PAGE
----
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Humanitarian situation in Gaza 'catastrophic': Five UN agencies warn

A Palestinian woman stands amidst the debris outside the al-Ahli Baptist Hospital in Gaza City, the Gaza Strip, on Oct 18, 2023, in the aftermath of an overnight Israeli strike on the facility. (Photo by AFP)

Five United Nations agencies have sounded the alarm about the humanitarian situation in the besieged Gaza Strip, which has been under a relentless Israeli war for the past two weeks.

Israel launched the war on Gaza on October 7 following an operation by the Gaza-based resistance groups in response to the occupying regime's incessant campaign of bloodshed and destruction against Palestinian people. The war has so far claimed the lives of at least 4,385 Palestinians, mostly women, children and the elderly.

"Gaza was a desperate humanitarian situation before the most recent hostilities," the UN agencies said in a joint statement on Saturday, adding, "It is now catastrophic. The world must do more."

"More than 1.6 million people in Gaza are in critical need of humanitarian aid," noted the statement, which was signed by the World Health Organization (WHO), the UN children's agency (UNICEF), the World Food Program (WFP), the UN development agency (UNDP), and the world body's population fund, UNFPA.

"Children, pregnant women, and the elderly remain the most vulnerable. Nearly half of Gaza's population are children," the statement added.

The agencies also called for a "humanitarian ceasefire" in Gaza along with immediate and unrestricted humanitarian access throughout the territory.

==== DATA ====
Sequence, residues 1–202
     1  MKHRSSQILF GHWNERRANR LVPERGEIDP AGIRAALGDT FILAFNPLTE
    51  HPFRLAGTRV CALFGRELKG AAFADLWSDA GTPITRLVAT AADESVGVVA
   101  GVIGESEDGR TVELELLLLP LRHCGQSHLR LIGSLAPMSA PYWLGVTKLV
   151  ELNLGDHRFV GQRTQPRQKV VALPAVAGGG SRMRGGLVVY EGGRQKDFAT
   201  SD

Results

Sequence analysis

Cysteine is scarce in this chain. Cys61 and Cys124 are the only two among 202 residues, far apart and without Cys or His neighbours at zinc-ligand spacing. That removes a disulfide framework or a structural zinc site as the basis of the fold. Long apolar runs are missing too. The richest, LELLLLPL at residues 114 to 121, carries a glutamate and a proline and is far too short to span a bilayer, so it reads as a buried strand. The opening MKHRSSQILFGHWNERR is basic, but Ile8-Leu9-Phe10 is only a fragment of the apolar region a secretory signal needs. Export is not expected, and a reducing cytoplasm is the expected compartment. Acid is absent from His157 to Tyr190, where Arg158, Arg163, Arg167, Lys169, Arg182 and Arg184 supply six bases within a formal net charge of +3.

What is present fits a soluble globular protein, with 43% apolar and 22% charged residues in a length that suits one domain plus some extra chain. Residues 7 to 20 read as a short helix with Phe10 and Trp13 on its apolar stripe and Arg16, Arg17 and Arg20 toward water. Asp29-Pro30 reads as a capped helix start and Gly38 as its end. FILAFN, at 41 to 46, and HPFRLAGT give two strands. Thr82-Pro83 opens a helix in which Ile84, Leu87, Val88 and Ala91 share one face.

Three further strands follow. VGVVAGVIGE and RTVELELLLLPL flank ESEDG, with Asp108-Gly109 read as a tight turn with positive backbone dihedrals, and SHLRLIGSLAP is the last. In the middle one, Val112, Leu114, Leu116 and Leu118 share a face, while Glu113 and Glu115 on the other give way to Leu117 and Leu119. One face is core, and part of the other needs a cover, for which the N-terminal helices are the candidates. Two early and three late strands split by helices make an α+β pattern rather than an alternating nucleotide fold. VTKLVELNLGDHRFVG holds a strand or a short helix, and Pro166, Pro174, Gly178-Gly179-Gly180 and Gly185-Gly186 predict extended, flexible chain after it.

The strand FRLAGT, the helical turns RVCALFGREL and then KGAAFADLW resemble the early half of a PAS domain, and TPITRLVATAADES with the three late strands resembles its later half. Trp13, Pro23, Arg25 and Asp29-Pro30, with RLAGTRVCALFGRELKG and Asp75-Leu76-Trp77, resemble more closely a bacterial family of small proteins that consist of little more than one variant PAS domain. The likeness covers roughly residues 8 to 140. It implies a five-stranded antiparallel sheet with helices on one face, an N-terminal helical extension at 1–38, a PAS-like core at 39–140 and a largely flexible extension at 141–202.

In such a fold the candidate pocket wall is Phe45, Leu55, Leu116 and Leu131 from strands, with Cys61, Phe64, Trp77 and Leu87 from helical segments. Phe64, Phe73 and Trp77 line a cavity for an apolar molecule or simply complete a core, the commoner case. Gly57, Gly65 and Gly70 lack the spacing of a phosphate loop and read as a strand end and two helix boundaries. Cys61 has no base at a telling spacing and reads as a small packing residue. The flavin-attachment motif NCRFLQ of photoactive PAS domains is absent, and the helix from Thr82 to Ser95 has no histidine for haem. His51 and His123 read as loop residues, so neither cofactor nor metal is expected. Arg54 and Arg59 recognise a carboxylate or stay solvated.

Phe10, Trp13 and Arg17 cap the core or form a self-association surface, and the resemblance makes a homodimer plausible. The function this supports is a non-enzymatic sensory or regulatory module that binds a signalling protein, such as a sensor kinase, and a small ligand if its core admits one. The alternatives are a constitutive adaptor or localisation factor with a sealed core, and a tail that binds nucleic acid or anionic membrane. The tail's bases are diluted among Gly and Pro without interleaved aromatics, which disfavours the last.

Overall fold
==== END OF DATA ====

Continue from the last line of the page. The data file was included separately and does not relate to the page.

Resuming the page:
"We call for a humanitarian ceasefire, along with immediate, unrestricted humanitarian access throughout Gaza to allow humanitarian actors to reach civilians in need, save lives, and prevent further human suffering," the statement added.

"Flows of humanitarian aid must be at scale and sustained, and allow all Gazans to preserve their dignity," it added.

Israel warns will step up strikes, troops 'ready' to enter Gaza

Also on Saturday, the Israeli regime threatened to step up its strikes against the Gaza Strip, defying an international outcry against its bloody military operation in the territory.

Top Israeli officers also claimed that the regime was prepared to send tens of thousands of troops and hundreds of tanks into Gaza.

"We have to enter the next phase of the war in the best conditions...," Israel's military spokesman, Daniel Hagari, told a press conference, adding, "From today, we are increasing the strikes.... We will increase the attacks and, therefore, I called on Gaza City residents to continue moving south...."

The regime has warned more than one million residents of the northern Gaza to move south. Aid agencies have questioned the feasibility of such a move at short notice, saying hundreds of thousands of civilians remain in and around Gaza City.

Israeli commanders, meanwhile, visited the troops deployed near Gaza, with chief of staff Herzi Halevi saying, "We will enter Gaza."

Last Monday, the Gaza-based Hamas resistance movement said it is "not intimidated" by the regime's threat of launching a ground aggression against the blockaded territory.

"Threatening us with ground invasion does not intimidate us, and we are ready to deal with any brutal force," Abu Ubaida, the spokesman for the movement's military wing, al-Qassam Brigades, said in a televised statement.

"We tell the enemy that your entry [into Gaza] will be a new opportunity [for us] to hold you accountable for the crimes that you are committing against us," the spokesperson added, warning, "Gaza will only be a graveyard for its invaders and its sands will swallow you up."

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